Often an employee does not explicitly request a leave of absence under the Family and Medical Leave Act (“FMLA”), thereby creating a thorny issue for the employer of what type and amount of information constitutes sufficient notice of the need for leave. On the one hand, an employee who says nothing more than “I’m sick” generally does not provide adequate notice. On the other hand, an employee’s submission of detailed medical information from his physician establishing a serious health condition almost always invokes the FMLA. There is, however, a lot of gray area between these two extremes. The Seventh Circuit has not shied away from analyzing these tricky areas, ruling in favor of the employee in two situations. In Byrne v. Avon Prods., Inc., 328 F.3d 379 (7th Cir. 2003), the Seventh Circuit held that an employee’s observable behavioral changes and a deterioration in job performance may provide sufficient notice of the need for FMLA leave. More recently, in Burnett v. LFW Inc., 472 F.3d 471 (7th Cir. 2006), the Seventh Circuit concluded that the employee had provided sufficient notice of the need for FMLA leave by certain comments and conduct regarding his health over a period of time.
Ground Rules for Notice
The U.S. Department of Labor’s regulations provide that an employee need not specifically assert rights under the FMLA or even mention the statute by name to trigger the FMLA. Rather, notice is sufficient if the employee states that the leave is needed for a potentially qualifying reason, such as an expected birth or adoption. It is then up to the employer to inquire further to determine if the leave would be for a FMLA-qualifying reason. Below is a description of the parts of the Byrne and Burnett cases that discuss the notice regulation.
The Byrne Decision
In Byrne, the employer fired the plaintiff for sleeping on the job and failing to attend a meeting with management regarding his job performance. Prior to taking off time from work to be treated for depression and a sleep disorder, the plaintiff had not expressly stated that he needed to take time off from work. Shortly thereafter, he was terminated. He then filed a lawsuit under the FMLA and ADA, and the district court granted summary judgment to the employer. The Seventh Circuit reversed, finding that an employee’s uncharacteristic conduct at work—beginning to sleep on the job after an excellent four-year work history—perhaps provided adequate notice of a medical condition. The court also stated that an employee may be excused from giving notice where his medical condition prevents him from communicating the nature of his illness and resulting need for medical leave.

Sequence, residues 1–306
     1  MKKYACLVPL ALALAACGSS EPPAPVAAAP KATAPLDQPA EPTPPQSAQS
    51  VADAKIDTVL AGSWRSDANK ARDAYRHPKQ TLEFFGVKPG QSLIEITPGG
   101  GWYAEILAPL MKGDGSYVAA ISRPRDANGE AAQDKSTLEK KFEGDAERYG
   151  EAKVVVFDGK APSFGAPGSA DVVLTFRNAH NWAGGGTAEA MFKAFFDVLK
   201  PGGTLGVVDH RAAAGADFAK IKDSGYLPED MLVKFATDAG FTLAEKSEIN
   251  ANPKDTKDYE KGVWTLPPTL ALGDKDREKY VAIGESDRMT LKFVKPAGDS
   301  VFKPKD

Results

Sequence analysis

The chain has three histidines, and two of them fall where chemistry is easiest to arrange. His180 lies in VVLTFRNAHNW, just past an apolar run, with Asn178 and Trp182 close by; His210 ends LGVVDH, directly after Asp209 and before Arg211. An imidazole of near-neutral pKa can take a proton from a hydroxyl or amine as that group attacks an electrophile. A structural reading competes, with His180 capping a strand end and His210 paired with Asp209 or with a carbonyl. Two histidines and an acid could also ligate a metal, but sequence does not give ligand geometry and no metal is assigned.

The Burnett Decision
The plaintiff suffered from undiagnosed prostate cancer and was terminated after he refused to meet with his supervisor, saying that he was sick and was going home. The employer argued that it had no knowledge of the plaintiff’s medical condition, and that the plaintiff’s statement of being sick was insufficient notice. The district court granted summary judgment in favor of the employer, finding that the employee had failed to provide adequate notice. The Seventh Circuit reversed, reviewing the totality of the circumstances in determining whether the plaintiff had provided notice. The court noted that over a period of four months, the plaintiff had communicated that he was suffering from a “weak bladder,” which was severe enough to preclude a potential transfer of assignment; he was on a trajectory of increased medical visits and testing, including a blood test showing an elevated prostrate cancer screening blood test; he had recently had a prostrate biopsy and requested help with his work duties as a result; he repeatedly stated that he “felt sick” and intimated that his condition may be similar to his brother-in-law’s latent prostate cancer; and his concerns were significant enough for him to suggest that he might commit suicide if he ended up bedridden as a result of prostrate cancer. The court further concluded that it is not an unreasonable burden for an employer to consider information that it has about an employee’s disclosed medical history in assessing the seriousness of the employee’s assertion of sickness.
Avoid Getting Burned
The Seventh Circuit’s decision in Byrne seemed to switch the burden of providing notice in certain circumstances. Rather than the employee having to first provide notice of the need for FMLA-protected leave, the employer may need to designate an absence as FMLA-protected where the absence is accompanied by an employee’s significant behavioral change, a deterioration in performance, and/or a history of comments regarding his potentially serious health condition. Further, where an employee cannot communicate the need for leave due to his illness, the employer may have to treat absences as FMLA-protected.
Both decisions are warnings to employers to carefully evaluate an employee’s reason for absence, even if the employee has stated only that he is sick or even if the employee has not stated a reason at all. Human Resources and the employee’s manager should consider whether there are any circumstances or comments that could indicate that the employee’s absence is due to a serious health condition. Where an employer is unsure if the absence is FMLA-protected, the employer should consider provisionally designating the time off as FMLA leave until further information can be obtained. As always, consult with your Labor and Employment attorney if you have questions.